Worship How-To

Robb Redman, the former director of the D. Min. program at Fuller Theological Seminary, argues that American Christianity is in the midst of a "worship awakening." In The Great Worship Awakening: Singing a New Song in the Postmodern Church, Redman argues that the shift is best seen in the popularity of seeker services, the "praise and worship" movement, the growth of the Christian worship industry and the renaissance of liturgical traditions. Redman traces demographic changes to understand why worship has taken on new significance, pointing to increasing ethnic diversity and inter-generational dynamics. This is not the most sophisticated book on changes in American Christian worship practices; recent contributions by Robert Webber and Leonard Sweet have hit the mark more forcefully. However, it is a competent and resourceful overview. (Jossey-Bass, $19.95 236p ISBN 0-7879-5126-9; Oct.)

In 1874, the evangelist Charles G. Finney gave a controversial series of lectures to divinity students on revivals of religion. Finney endured a great deal of criticism for saying that Christian revival could be humanly engineered; it was not necessary to wait for God to fan the flames of revival. Rather, it was required of Christian believers to actively seek opportunities to create revival and convert unbelievers. Pat Robertson's Six Steps to Christian Revival: God's Awesome Power in Your Life certainly follows in Finney's footsteps ideologically, albeit not as ambitiously: It focuses more on personal, inner renewal than mass revivals or crusades. Robertson's six steps—humble yourself, pray, seek God's face, turn from sin, gather in prayer and persevere—are classic, and his short book is very solidly based on the Bible, although the prose is not very energetic. (Multnomah, $9.99 paper 96p ISBN 1-59052-055-6; Oct.)

What's New in Judaism Books

It was inevitable that amid the explosion of Kabbalah-related books in the last five years, some would be done devotional-style, aimed to bring the puzzles of Judaism's most mystical text to readers in digestible, bite-sized daily doses. But in Kabbalah Month by Month: A Year of Spiritual Practice and Personal Transformation, Mindy Ribner gives readers a fairly thoughtful and perceptive interpretation. What sets this book apart from most others that explore Kabbalah for the hoi polloi is that it is firmly and stubbornly rooted in Jewish tradition. Some may not agree with Ribner's explanations of some Jewish traditions, or her investigations of astrology, but they will appreciate the fact that she has not sought to divorce Kabbalah from its religious roots. The book is beautifully designed in a square paperback format. (Jossey-Bass, $22.95 paper 352p ISBN 0-7879-6152-3; Oct.)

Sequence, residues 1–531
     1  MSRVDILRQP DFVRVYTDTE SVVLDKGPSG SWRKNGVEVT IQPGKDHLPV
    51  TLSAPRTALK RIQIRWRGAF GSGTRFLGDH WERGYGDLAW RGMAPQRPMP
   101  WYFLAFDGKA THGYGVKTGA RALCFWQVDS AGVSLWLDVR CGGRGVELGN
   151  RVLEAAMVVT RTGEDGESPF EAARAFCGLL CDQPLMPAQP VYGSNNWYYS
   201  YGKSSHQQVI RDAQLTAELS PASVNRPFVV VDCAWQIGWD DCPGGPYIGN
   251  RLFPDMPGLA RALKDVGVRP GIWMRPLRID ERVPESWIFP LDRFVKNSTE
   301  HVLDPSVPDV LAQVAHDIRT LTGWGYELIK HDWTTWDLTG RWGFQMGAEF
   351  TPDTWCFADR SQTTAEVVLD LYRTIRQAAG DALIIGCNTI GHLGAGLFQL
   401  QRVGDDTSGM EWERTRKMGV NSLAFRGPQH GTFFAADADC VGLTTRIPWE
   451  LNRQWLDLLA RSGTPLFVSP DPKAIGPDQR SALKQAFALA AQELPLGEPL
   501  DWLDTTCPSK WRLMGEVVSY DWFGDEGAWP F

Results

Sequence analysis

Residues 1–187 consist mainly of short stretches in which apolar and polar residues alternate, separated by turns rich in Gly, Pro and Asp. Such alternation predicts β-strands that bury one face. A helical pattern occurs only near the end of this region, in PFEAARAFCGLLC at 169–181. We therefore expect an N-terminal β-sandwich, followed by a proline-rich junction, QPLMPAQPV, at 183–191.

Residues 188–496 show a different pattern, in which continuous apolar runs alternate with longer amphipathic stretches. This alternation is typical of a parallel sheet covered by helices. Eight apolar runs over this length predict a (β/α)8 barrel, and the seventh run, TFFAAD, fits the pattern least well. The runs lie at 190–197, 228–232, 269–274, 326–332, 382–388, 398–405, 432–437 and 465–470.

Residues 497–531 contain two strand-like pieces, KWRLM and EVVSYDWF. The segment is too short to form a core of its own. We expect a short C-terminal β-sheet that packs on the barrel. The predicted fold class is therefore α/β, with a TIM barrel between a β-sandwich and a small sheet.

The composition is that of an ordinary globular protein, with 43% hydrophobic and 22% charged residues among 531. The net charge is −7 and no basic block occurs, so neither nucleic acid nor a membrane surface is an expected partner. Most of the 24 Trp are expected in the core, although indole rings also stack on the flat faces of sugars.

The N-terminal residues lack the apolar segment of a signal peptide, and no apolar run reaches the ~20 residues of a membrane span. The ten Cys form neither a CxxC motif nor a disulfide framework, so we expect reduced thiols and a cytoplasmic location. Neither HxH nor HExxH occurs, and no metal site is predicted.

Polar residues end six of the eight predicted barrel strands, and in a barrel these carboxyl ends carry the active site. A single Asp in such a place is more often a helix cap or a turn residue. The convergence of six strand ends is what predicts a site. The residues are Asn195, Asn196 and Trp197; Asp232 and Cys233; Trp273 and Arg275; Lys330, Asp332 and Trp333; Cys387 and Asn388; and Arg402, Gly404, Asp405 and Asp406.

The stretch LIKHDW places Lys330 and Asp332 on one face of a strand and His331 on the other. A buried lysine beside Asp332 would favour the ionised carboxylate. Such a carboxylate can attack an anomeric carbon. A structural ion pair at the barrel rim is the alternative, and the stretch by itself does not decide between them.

In 1989, The Encyclopedia of Judaism set a high standard for Jewish reference works and was selected as an Outstanding Reference Book by the American Library Association. But in The New Encyclopedia of Judaism, a good work has been made even better; the original thousand entries have been updated and 250 new ones added. As with the first edition, the one-volume resource has hundreds of illustrations, contributions from scholars from all major branches of Judaism and a strong annotated bibliography. (NYU Press, $99.95 [$79.95 until January 2003] 856p ISBN 0-8147-9388-6; Oct. 16)

Calligraphy and Poetry

Shambhala, which has been broadening its line to include classics of Western as well as Eastern spirituality, offers a beautiful new series merging spiritual poetry and the art of calligraphy. In Canticle of the Sun: The Spirit of Francis of Assisi, the saint's prayers and excerpts from writings about him are complemented by facing-page calligraphy in bold colors. Alongside Francis's prayers of gratitude for Sister Moon, Brother Wind and Sister Water, for example, are the corresponding Latin praises, beautifully rendered by calligrapher Frank Missant. ($12.95 paper 64p ISBN 1-57062-980-3; Oct.)

Among the other three volumes in Shambhala's series is Perfect Harmony: Sufi Poetry of Ibn 'Arabi, which pairs the poetry of the 13th-century Sufi mystic with contemporary calligraphy by Hassan Massoudy. In a moving afterword, Massoudy explains how he became involved in calligraphy as a child, and how his work is inspired by poetry. ($12.95 paper 64p ISBN 1-57602-981-1; Oct.)